Every once in a while, my trashTV habit results in a show review for the Tufts Daily. By “trash TV”, I mean every episode of every season (except Miami–seriously, Bravo, WTH was THAT?) of any “Housewives” series Bravo
throws at my face offers up to me. Last time, it was the Atlanta Housewives. Up next: the 90210 ladies!
‘Real Housewives of Beverly Hills’ concludes with all-too-real tragedy, leaving viewers wanting more | 3 out of 5 stars
Published: Sunday, January 29, 2012
Updated: Sunday, January 29, 2012 22:01
Every so often, a reality show reminds us that we’re all human regardless of the amount of plastic or toxins we have shoved into our bodies. This season of Bravo’s “Real Housewives of Beverly Hills”, try as it may to wrap itself up neatly, still stung with very real tragedy, including a cast mate’s husband’s death and a drug and alcohol problem revisited.
Though it was a season finale, the looming sense of finality for the women seemed misplaced and pregnant with uncertainty, as Bravo is currently considering replacing several Housewife cast members.
Cast member Russell Armstrong’s August 2011 suicide took a backseat to the final episode, which chronicled the wedding of Lisa Vanderpump’s only daughter, Pandora, in the Vanderpump backyard.
But we’re not talking your typical backyard wedding with a barbecue pit, picnic tables and charmingly quaint mason jars full of lemonade — oh, no. Kevin “Chi-chi-chi” Lee, a seasoned Beverly Hills event planner, most likely took theVanderpumps to the cleaners to arrange an all-you-can-pink event complete with a massive tent on the tennis court and enough flowers tucked in nooks and crannies to incite a bee orgy. Hopefully they gave out Allegra in the guest gift bags.
The event has been in the making since early in the season, occupying much of Lisa’s plotline along with the opening of her latest restaurant venture, SUR Lounge.
Throughout the episode, Lisa buzzed around her massive mansion, commanding contractors and decorators and fretting obsessively.
All of the Housewives were reportedly invited to the Vanderpump wedding, but onetime friends of the housewives, Dana Wilkey and Brandi Glanville (not official Housewives, more hangers-on than anything else) were missing from the final episode, as were Taylor Armstrong and Kim Richards, the sister of cast member Kyle Richards.
For the past few episodes, since Kim began dragging her boyfriend Ken around, the cameras have hinted at a drug dependency issue with Kim, chronicling her increasingly tense relationship with Kyle and noting her slurred speech and questionably intense regimen of antidepressants and anxiety pills.
Glanville called Kim out in an episode for her disheveled appearance and strange behavior, labeling her a “druggie,” and eliciting strong reactions from Kyle in Kim’s defense. In December, Kim confirmed our suspicions by checking into a drug rehabilitation clinic and promptly dumping the sleazy Ken, whom she claimed had been emotionally and verbally abusive toward her.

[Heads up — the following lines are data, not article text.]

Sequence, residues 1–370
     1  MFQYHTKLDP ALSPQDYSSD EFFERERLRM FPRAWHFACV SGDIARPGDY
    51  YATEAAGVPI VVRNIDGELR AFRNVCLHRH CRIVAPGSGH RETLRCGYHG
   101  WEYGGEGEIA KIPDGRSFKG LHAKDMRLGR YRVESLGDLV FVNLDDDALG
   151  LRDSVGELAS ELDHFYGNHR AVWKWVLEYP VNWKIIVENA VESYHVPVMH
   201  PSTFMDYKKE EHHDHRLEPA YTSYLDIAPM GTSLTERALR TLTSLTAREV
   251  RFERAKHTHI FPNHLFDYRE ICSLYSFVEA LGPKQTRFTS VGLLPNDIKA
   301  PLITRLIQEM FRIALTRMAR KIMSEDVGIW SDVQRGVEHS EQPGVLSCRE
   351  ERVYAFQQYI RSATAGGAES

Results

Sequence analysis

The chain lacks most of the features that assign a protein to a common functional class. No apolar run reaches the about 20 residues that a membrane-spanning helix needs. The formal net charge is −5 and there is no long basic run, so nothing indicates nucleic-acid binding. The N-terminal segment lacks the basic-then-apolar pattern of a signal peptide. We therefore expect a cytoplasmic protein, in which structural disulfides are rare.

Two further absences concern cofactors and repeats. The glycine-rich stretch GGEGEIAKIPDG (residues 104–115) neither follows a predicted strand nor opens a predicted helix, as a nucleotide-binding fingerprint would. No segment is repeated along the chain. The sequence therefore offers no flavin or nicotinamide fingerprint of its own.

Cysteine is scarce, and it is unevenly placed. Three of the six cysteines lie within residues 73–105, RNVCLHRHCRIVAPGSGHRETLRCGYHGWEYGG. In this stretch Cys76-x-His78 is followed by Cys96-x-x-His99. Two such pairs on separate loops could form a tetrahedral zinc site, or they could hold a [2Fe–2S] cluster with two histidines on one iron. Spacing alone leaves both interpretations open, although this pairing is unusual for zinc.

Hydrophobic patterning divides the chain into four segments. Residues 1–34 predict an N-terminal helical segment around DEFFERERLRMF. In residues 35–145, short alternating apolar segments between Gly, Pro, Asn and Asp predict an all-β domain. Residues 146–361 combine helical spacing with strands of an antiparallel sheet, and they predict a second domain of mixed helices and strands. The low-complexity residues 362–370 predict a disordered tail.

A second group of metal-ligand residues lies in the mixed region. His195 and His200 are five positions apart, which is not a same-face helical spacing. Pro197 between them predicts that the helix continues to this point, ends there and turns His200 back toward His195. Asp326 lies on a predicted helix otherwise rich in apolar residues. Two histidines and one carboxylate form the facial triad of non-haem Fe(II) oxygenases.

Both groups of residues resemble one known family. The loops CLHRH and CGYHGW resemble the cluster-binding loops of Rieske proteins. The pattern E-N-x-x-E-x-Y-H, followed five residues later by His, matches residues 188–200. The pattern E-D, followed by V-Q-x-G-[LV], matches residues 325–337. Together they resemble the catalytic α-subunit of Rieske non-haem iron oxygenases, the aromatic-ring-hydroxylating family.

And then there’s Kyle. The season finale didn’t see much of this Richards sister, for better or worse. Throughout the season, Kyle has found herself “in the middle of the drama” on countless occasions, all the while declaring to the world how much she “hates drama and confusion.” Maybe a change in social circle is in order?
Camille Grammer, freshly divorced and still in the thick of custody and financial battles with her (Hollywood and Broadway star) ex-husband, Kelsey Grammer, was painted by the show as decidedly silent on most issues, and appeared to be “along for the ride.”
It wasn’t until Taylor Armstrong denied the abuses of her husband (after telling each of the cast mates, on separate occasions, of the desperation of her situation) that Camille sprang to life.
Promptly thereafter, Russell reportedly threatened Camille via email with a lawsuit for speaking against him, and potentially endangering him. Cue Camille climbing back into her well-decorated shell. Camille successfully sidestepped much of the season’s drama by smiling sweetly with a closed mouth.
Camille’s number-one on the show, cast member Adrienne Maloof, of the Maloof Family fortune (including some random, shabby hotel in Las Vegas called The Palms — ever heard of it?), inserted her raspy-voiced self into countless conversations and confrontations at the end of the season, many of them having little or nothing to do with her. In the season finale, she danced the night away at Pandora’s wedding.
After nearly an hour spent accounting the celebration, the hustle and bustle died down. Bravo messily tried to wrap up the episode with what felt more like a series finale than a season finale: a girls’ day brunch featuring all of the housewives (sans Kim) as they delicately addressed the topics of Taylor’s husband’s recent suicide and Kim’s substance abuse.
Taylor had been absent from both the Vanderpump wedding and other group outings, and for good reason: the death of her husband rendered her a single parent to their young daughter.
After a season spent dissecting her crumbling relationship with her husband, Taylor announced she was leaving him shortly before his suicide.
For the first time ever, this reality show felt “real” — Well, as real is it could possibly get— and you could see the heartbreak behind Taylor’s eyes.
However, with only three minutes of introspection at the end of the episode allotted for this interaction, it seems the episode would have been better served by being titled “The Real Wedding of a Beverly Hills Restauranteur’s Daughter.”